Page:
We have all done it – we have gotten so incredibly sick and tired of working on site, whether it is a brand new one or simply a site redesign, when we hit the point – usually during extreme exhaustion – that we decide the site is “Good Enough” to launch or go live. And if there are still multiple things on the to do list when we do get there, we tend to set them aside until we reach the point we can actually stand to look at the site again! But of course, all those to dos are suddenly forgotten when we move onto the next site (not to mention all the to dos for each subsequent site worked on), and while we might have a vague recollection that there was “something” left to do on the site chances are pretty good the thought is long gone when we do finally give the site time for a thorough going over.
A classic case is a site a family member visited today. It is a storefront selling high end but used products (think thousands of $ per sale, even though they are used). They are somewhat hard to find and condition is definitely a factor. He was passed the research stage, he knew exactly what brand name he wanted and narrowed it down to a series of models, and now it was down to checking out the models this particular site had, and reading about the condition each item was in. He was ready to buy, and quite ready to buy from this particular website because “it came up first in Google”. (Yes, I know!) But a few minutes later he left the site and went to spend his money on another site. So what caused this particular website to lose the $1k+ sale? The fact that when he searched within their online store, the large-ish thumbnail photos of the items came up along with a quick small font size snippet about the item in question (ie. Blue Widget, XYZ-99 model, excellent condition, $1234.00, click for details). But when he clicked the thumbnail, nothing happened. He clicked again multiple times to no avail and realized that he had to click the tiny “click for details” to get to the product page. And after the third one he tried to look at where he clicked the photo out of habit, he left the site for a competitor’s site… where it should be noted that the next site DID have the thumbnail photos linked to the product detail page.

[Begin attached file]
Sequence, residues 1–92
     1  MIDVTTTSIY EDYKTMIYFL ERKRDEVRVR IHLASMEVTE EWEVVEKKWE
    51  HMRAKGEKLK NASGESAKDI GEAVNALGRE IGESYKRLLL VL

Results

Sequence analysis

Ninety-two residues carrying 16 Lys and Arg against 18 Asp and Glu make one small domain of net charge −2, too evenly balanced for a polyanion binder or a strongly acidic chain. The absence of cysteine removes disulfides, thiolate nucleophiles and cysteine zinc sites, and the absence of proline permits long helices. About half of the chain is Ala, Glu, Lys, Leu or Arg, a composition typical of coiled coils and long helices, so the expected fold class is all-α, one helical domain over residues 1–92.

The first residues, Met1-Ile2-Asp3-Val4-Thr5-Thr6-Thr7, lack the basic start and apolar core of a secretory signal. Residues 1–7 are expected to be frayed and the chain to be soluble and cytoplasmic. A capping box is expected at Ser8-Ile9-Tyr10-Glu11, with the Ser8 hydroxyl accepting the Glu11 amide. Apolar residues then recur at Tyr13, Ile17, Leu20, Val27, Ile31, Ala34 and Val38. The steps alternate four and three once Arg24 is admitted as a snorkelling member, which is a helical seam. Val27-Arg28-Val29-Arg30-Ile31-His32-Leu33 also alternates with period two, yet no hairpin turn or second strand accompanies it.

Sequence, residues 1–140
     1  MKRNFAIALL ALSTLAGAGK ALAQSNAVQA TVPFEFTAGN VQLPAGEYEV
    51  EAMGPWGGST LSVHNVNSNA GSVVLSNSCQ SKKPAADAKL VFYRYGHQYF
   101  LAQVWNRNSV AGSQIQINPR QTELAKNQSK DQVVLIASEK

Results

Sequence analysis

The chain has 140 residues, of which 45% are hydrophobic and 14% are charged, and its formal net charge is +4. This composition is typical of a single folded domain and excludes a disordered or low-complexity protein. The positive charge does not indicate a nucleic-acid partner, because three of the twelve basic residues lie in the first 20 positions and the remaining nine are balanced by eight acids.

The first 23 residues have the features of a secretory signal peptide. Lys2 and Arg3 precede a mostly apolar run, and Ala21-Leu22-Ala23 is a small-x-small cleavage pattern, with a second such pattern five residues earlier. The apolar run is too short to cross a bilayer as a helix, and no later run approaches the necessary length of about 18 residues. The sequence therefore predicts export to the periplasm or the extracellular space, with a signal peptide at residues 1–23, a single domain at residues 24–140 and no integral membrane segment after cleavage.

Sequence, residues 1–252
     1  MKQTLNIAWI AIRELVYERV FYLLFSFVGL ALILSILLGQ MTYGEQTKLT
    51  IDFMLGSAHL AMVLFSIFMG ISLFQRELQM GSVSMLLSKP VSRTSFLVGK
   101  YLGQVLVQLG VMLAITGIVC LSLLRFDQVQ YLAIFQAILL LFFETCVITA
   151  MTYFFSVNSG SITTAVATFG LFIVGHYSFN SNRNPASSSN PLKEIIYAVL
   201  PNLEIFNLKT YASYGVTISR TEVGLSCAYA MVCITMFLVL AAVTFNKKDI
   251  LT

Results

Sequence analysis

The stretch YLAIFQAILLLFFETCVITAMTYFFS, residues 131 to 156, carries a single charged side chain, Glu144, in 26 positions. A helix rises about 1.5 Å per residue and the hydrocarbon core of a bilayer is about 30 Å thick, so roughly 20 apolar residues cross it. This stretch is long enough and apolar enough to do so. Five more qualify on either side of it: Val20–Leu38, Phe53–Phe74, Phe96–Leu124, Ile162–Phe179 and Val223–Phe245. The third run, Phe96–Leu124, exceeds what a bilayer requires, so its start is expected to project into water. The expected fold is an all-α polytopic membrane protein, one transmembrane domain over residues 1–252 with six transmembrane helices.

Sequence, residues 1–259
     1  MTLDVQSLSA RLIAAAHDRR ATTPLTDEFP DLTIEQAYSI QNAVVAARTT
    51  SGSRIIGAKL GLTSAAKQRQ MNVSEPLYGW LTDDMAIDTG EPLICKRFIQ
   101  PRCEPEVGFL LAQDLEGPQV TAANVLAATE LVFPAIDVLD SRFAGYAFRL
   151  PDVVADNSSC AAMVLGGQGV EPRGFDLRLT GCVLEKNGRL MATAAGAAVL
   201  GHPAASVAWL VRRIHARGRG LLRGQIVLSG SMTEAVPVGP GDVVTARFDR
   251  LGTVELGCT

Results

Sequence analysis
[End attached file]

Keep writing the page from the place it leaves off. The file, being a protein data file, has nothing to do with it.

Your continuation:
This issue is usability, pure and simple. And even the simplest of usability tests would have shown this as being an issue. There is no excuse for the product thumbnails to not be clickable, especially when you are relying on a very tiny “click for details” to actually lead the customer to the product buying page. But I am willing to bet that “linking thumbnails to product page” and probably a “make better design for linking to product page from snippet” had been on the pre-launch to-do list that ended up getting set on the wayside when the Good Enough point was reached, and then – you guessed it – eventually forgotten about. And if this one person found it a big enough issue that he was willing to leave the site over it, you have to wonder about how many other people left the site in frustration over the same thing. The last thing you want to do is lose a sale not over your products being an issue, but your site design being the deal breaker. And this is especially true when that deal breaker is something so minor and easily fixable.
In this economy where everyone is tightening belts (not to mention many of them jumping into opening their own online business, which could be a competitor to yours!) it is crucial to eliminate as many of the “sit back and think about this purchase before you click buy” issues that could cost you the sale. You don’t want a small but annoying usability issue to be the reason they left, when you could have gotten the sale otherwise.
Have any of your sites fallen victim to the “Good Enough” syndrome? Some quick usability testing works great to check for any problems on a site. And don’t think you have to spend money on a company to do the testing for you. If you are on a budget, bribe friends with dinner if they will sit down for half an hour and surf the site while you watch (have them do it individually though, not together), and then answer some quick questions about their experience. Not sure what to ask? Here is a list of questions to ask usability testers and how to tell if your top internal entry pages are user friendly enough.